Brit Bennett's striking debut, The Mothers
, unfurls in Oceanside, a sun-drenched coastal town just north of San Diego, a place populated by characters who move fluidly between the seaside setting of lazy bars and beach bungalows and the decidedly nonfrivolous Upper Room Chapel, the black church that is the novel's crucible. Nadia Turner, Aubrey Evans, and Luke Sheppard are millennials who should be eager to start their adult lives. Instead, they are fractured, each privately nursing the pain of loss and disappointment; the bonds they forge with one another are urgent and intimate. Bennet plumbs these stormy attachments, taking her reader on a journey through the fraught twists and turns of first love. She focuses deftly on 17-year-old Nadia, the most complicated of the three, who struggles to reconcile her bottomless need for connection with her equally fierce ambition. The question for Nadia is whether, ultimately, her drive to succeed will take precedence over the needs of those she claims to love.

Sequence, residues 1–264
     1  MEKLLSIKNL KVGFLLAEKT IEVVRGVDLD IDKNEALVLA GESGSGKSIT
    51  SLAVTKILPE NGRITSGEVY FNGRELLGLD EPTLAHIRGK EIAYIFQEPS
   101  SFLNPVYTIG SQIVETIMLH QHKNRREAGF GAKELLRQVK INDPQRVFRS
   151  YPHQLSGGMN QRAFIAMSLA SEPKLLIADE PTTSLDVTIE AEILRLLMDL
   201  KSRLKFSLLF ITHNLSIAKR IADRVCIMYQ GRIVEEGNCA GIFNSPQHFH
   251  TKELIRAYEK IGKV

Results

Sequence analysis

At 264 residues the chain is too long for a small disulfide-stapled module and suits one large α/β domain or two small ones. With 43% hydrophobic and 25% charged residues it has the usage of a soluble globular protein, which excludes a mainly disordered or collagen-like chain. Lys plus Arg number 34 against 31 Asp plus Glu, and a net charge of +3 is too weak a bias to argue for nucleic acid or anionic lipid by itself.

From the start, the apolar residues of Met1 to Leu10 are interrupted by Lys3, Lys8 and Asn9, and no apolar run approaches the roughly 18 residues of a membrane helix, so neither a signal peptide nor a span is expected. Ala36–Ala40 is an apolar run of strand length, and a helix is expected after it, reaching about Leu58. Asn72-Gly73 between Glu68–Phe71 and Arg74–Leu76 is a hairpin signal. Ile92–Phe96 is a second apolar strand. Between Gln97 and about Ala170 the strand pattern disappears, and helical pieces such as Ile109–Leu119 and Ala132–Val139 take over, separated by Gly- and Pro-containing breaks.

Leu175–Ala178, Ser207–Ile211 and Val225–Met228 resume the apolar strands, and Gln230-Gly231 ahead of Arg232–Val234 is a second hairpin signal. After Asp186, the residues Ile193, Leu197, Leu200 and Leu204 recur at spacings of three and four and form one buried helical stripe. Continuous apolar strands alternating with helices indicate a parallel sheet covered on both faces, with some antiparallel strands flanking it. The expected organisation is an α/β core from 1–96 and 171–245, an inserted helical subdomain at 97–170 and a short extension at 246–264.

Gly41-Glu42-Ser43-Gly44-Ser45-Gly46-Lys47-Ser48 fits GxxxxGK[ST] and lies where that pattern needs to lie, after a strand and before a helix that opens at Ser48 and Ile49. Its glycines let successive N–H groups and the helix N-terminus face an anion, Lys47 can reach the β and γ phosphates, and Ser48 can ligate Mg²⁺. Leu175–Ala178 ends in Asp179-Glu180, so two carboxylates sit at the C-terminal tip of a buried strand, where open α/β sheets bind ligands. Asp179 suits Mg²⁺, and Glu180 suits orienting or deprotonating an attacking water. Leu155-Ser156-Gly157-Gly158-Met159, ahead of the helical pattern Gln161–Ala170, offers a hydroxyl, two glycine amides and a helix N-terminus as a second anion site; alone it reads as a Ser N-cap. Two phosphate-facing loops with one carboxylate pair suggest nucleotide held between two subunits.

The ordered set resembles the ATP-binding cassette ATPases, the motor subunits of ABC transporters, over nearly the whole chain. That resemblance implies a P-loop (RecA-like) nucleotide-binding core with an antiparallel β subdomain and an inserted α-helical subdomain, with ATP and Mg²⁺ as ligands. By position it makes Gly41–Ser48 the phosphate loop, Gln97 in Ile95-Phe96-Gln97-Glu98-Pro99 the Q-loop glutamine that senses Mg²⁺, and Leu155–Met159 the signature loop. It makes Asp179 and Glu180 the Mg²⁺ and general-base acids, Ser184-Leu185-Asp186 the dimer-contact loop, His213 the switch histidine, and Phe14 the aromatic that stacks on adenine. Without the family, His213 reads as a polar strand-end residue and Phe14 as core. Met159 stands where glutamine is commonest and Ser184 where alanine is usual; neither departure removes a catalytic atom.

Adding dimensions and a sense of the otherworldly to this powerful story are the Mothers, a chorus of church elders, resident moralists who offer a running commentary on everything from premarital sex to the power of prayer. In tone and cadence, their words evoke those of Toni Morrison, though these matrons are less saintly and more prone to judgement and gossip. Their flaws invite us to question issues of community, piety, tradition.
America needs more books like The Mothers, which quietly, but critically, deepens our appreciation of the black experience, and expands our collective understanding of what it means now to be growing up and grasping for direction and affection.